A practical guide for working parents to divide household responsibilities
Even when both parents work, the majority of household chores are still completed by women. Here’s how to make home life more equitable.
Whose job is it to pack the bags for nursery, fill out the forms and attend the 1 year development review, make sure that there are enough age appropriate snacks and nutritious meals in the fridge, and organise outdoor playdates in new playgrounds each day?
In many households, even in this age of egalitarian marriages and dual-income households, much of this minutiae of parenting falls to mothers.
And it’s burning women out. What’s causing this gulf in responsibility, and what’s a modern couple to do? The first important step is to acknowledge that there’s a problem.
INEQUALITY STARTS WITH PARENTAL LEAVE
Many couples happily tick along as equals before they have their first child, dividing jobs at home, charging ahead at the office, and dreaming of the family they’ll create together. Today, millennial women are more highly educated than their male counterparts; millenial men say that they want to be much more involved as parents than previous generations of fathers.
But the reality of pregnancy and the disparity in maternity and paternity leave policies, means that women take on the brunt of work with a newborn. As they develop competence in caring for their children, the divide in parental confidence between men and women begins. Within weeks, a new mother knows how to tell the difference between baby’s hunger cries and sleep cries, dad, with fewer hours on the job, looks to his partner to guide him.
START CREDITING THE THINKING WORK
Many women do much of the mental work of taking care of children, which can often go unnoticed. This “psychic burden” of motherhood, making sure that all the small things get done can be draining for women, especially when it doesn’t have tangible results. Being a master arranger of a toddler’s play dates doesn’t seem to resonate on LinkedIn.
Couples can start to address this “thinking” divide by making a list of all the work and responsibilities that go into your family life. Start by going through this household responsibilities worksheet.
Bringing the tasks and challenges to a calm, objective conversation can help reduce tension at home. Aim to get everyone on the same page and create a plan for how to make changes.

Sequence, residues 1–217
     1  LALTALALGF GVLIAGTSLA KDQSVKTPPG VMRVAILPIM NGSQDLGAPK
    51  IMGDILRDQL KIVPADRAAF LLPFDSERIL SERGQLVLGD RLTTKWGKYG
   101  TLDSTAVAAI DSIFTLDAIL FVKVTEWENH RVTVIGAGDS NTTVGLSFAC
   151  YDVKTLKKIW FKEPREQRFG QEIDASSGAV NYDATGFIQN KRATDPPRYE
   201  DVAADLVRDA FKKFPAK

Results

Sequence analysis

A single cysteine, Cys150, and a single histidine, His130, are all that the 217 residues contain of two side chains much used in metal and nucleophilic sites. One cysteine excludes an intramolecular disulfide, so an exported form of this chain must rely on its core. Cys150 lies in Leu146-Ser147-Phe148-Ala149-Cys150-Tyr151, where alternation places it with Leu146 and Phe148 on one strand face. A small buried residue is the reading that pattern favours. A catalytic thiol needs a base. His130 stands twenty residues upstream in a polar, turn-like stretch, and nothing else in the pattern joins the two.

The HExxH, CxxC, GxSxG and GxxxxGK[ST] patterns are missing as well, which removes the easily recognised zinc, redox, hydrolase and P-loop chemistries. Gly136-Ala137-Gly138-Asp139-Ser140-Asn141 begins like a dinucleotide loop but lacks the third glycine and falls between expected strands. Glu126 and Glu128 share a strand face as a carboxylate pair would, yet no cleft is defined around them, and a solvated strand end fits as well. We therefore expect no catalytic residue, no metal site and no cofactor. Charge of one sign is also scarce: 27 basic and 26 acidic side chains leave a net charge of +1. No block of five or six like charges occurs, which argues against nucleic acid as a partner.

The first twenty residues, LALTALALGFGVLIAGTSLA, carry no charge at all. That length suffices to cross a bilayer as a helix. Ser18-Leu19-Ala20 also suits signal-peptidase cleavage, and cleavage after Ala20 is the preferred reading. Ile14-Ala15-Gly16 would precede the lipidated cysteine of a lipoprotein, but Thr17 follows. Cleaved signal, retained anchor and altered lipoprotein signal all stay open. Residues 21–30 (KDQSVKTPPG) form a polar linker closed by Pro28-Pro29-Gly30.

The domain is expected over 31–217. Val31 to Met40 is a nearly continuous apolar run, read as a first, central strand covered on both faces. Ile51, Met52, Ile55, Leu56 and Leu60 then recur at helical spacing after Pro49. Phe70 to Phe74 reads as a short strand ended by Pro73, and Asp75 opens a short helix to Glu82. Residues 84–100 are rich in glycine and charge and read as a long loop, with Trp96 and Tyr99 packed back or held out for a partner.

DIVIDE RESPONSIBILITIES NOT TASKS
One way to rethink household duties is by dividing them by responsibility rather than task. This allows each person to bucket tasks that encompass the thinking work, and to allow partners to gain confidence to manage it on their own.
For example, perhaps one person can manage all the food for the week. That means one party is responsible for planning meals, ordering the food shop, batch cooking, budgeting and making packed lunches. Ensuring that entire categories of responsibility are “owned” by a single person helps prevent mission creep.
Plus, when you own a whole area of responsibility, you develop expertise in it. This allows each person to develop a greater sense of appreciation for how much thought and effort goes into managing a particular project, and makes it more efficient and less of a source of friction.
Once the household responsibilities are divided, couples should also occasionally take turns trading jobs so each person understands how much work goes into it. Cooking dinner for the family involves a lot of prep time, psychological warfare (yes, you must eat your peas). But if your partner is the one doing it every night, you might not appreciate how much thought and energy goes into it, until it’s your turn to try to get the kids to eat a single meal not made of ham and cream cheese sandwiches
Trading places can build a sense of empathy and understanding for your partner, all good things to invest in at home.
LET IT GO
If women are often responsible for managing household minutiae, then they might need to find ways to let it go.
You might need to let go a need to coach your partner through tasks but first you may need to impart that expertise over. And once you hand responsibility over, you might just need to let control go, too.
Sheryl Sandberg recommends that women:
“Let [their husbands] put the diaper on the baby anyway he wants to as long as he’s doing it himself. And if he gets up to deal with the diaper before being asked, she should smile even if he puts that diaper on the baby’s head.”
Another option for couples looking to divide household responsibilities is to figure out which tasks they can give up to a professional. Investing in a weekly cleaner to manage the laundry can free up hours each week for families. Getting some extra childcare help on weekends can help couples to complete tasks quickly while kids are being entertained, opening more hours up for quality family time.
What works in terms of dividing household responsibilities during maternity leave might not work after you go back to work. Couples should continue to evaluate household responsibilities together as life responsibilities change. Checking in at the birth of a baby, after maternity leave, when a new child arrives, or when job roles change, are all great opportunities to reevaluate who does what at home and work
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